“It was really reassuring to find the program is built on a growth mindset,” Elmore said. “There are several concentrations that focus on your different skills and interests. You can grow as you learn, constantly improve and find out new solutions. If you put in the work, you’re going to get there.”
Elmore, a senior from Cottage Grove in south central Wisconsin, described the major as a “hodgepodge mix of sciences – biology, chemistry, geology. Even if you don’t go into environmental work, you are still able to go into the sciences. There are so many possibilities for divergence into other careers,” she said.
Elmore is concentrating in environmental health and minoring in sustainability and chemistry. She’s interested in lowering people’s impact on the earth and monitoring human and environmental safety. She hopes to work in water quality or microbiology at an international level.
Lab experiences during COVID-19
From June to September last summer, Elmore was hired as a contractor employee with Exact Sciences Laboratories in Madison, near her home. Exact Sciences, which develops and delivers materials for noninvasive colorectal cancer screening to medical partners, expanded its lab capabilities to support COVID-19 testing efforts.
Elmore worked as a COVID-19 specimen processor; a position that fulfilled her required internship. The data entry and scientific note-taking skills she learned in her microbiology course helped prepare her for her role. Her Infection and Immunity course also gave her background in how the body fights an infection.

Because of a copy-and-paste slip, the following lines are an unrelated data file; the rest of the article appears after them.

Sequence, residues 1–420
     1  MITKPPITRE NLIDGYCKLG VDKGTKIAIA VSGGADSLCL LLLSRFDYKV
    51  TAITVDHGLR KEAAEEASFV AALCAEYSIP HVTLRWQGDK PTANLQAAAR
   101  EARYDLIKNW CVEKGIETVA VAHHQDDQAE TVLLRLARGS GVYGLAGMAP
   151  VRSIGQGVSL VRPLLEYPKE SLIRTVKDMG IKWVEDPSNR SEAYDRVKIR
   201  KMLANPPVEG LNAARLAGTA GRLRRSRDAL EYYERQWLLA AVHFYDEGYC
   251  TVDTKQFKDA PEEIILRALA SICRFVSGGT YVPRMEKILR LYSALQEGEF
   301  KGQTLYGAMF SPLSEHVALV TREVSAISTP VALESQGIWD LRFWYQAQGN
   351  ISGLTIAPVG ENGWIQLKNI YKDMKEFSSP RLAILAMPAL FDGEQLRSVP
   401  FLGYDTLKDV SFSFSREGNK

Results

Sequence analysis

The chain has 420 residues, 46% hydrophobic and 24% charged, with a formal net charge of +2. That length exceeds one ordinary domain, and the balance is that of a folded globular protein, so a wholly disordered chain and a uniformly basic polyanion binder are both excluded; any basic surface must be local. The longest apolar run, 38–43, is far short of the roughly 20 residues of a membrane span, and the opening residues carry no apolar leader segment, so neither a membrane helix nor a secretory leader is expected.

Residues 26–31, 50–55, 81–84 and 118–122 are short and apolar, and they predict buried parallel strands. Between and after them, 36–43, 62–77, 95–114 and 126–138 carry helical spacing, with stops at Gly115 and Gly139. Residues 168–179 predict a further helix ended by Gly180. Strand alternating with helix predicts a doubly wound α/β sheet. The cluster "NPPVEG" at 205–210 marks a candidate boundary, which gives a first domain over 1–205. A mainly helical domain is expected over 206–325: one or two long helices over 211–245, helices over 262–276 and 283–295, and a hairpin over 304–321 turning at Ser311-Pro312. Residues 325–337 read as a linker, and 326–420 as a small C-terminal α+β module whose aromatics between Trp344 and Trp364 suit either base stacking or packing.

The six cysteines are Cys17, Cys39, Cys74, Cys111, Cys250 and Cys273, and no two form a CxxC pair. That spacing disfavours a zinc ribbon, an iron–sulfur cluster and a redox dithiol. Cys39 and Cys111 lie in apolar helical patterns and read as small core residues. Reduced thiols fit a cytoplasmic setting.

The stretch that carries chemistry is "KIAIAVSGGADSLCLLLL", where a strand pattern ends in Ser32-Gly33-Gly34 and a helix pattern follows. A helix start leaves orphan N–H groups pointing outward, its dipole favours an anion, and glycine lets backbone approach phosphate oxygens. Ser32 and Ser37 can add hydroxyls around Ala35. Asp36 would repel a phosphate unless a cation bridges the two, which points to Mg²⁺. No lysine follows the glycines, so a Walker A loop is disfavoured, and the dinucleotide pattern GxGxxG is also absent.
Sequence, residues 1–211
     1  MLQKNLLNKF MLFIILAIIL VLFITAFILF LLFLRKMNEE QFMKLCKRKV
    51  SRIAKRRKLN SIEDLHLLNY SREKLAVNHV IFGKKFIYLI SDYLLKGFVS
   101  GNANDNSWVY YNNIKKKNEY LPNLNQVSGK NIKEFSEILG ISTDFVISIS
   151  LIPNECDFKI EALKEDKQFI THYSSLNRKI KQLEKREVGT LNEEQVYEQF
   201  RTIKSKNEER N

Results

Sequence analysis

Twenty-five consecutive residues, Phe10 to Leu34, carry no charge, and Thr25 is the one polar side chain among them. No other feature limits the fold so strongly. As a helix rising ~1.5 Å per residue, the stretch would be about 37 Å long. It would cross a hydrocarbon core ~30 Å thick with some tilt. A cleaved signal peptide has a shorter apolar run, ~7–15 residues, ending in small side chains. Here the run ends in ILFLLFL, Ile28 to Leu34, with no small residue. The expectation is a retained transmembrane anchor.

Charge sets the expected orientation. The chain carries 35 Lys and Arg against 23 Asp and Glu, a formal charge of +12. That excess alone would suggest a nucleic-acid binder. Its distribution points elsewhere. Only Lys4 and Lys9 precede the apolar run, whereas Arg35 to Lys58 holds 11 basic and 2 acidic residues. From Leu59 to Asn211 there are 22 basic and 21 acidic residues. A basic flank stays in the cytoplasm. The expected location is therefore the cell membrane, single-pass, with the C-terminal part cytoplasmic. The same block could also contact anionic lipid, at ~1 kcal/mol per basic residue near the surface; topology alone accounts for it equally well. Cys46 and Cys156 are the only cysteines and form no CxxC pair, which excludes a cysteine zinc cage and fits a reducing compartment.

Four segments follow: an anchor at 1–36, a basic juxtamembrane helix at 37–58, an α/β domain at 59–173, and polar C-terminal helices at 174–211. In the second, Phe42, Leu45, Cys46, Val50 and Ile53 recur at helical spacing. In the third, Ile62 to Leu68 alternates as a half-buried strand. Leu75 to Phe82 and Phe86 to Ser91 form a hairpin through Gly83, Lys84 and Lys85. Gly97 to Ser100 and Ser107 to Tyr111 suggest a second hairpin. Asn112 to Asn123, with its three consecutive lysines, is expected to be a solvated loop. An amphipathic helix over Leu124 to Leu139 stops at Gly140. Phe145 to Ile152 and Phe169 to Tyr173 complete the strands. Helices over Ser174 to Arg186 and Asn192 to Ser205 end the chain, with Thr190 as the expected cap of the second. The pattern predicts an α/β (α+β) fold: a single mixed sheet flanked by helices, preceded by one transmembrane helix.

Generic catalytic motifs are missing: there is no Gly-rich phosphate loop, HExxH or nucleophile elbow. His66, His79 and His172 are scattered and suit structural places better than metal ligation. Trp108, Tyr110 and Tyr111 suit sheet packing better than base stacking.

As a specimen processor, Elmore input patient data into Epic software and ensured patient information was correct, checking to see that specimens were labeled correctly according to corresponding paperwork. She also counted samples, made sure the vials and liquids were safe inside and that they were kept at the appropriate temperature, so samples remained viable.
“Samples came from hospitals, nursing homes and Wisconsin National Guard stations from around the state. Boxes from these facilities could have a single or hundreds of samples,” she said. “We ensured that each patient’s sample was up to the level and accurate, making sure the right patient received their results.”
Quality assurance was constantly being updated, Elmore explained. Later in the summer, specimen processors were able to scan samples electronically instead of hand-entering data into the system.
Having seen the impact of COVID-19 firsthand, she asks everyone to “please wear your masks and practice social distancing to keep people safe.”
For Elmore and many other college students at Exact Sciences, it was their first experience working in a professional, noncollege lab. Given the daunting perspective of their tasks during a pandemic and donned in full PPE, Elmore said she and the other students felt so excited during their first tour and orientation.
“It was so good seeing people in person again after being at home for so long last spring,” she said. “It felt weird but exciting to be helping in a way that’s useful. It meant a lot to us. And it opened my eyes to how many jobs there are in the medical sciences field.”
Elmore has a passion for travel and studied abroad in Greece. She is a lab tech assistant at UW-Stout’s Botany Lab and Zoology Lab, where she helps prepare labs for classes, troubleshoots and develops lab improvements, said environmental science Program Director Mandy Little. “On top of that, Sara has a great sense of humor. We will certainly miss her when she graduates.”
Caring for our planet and each other
As vital as environmental science is to keep people and the planet safe, Elmore believes that, ideally, it wouldn’t be as important of a field as it is.
“When making any decision, people should have consideration for how it can affect the environment. That moving forward, we put the environment into consideration when we build, buy or plan anything,” she said.
“But that is not the world we currently live in. We need to track the generation and disposal of hazardous waste to prevent human and environmental harm. That often affects people of color and low-income communities more frequently.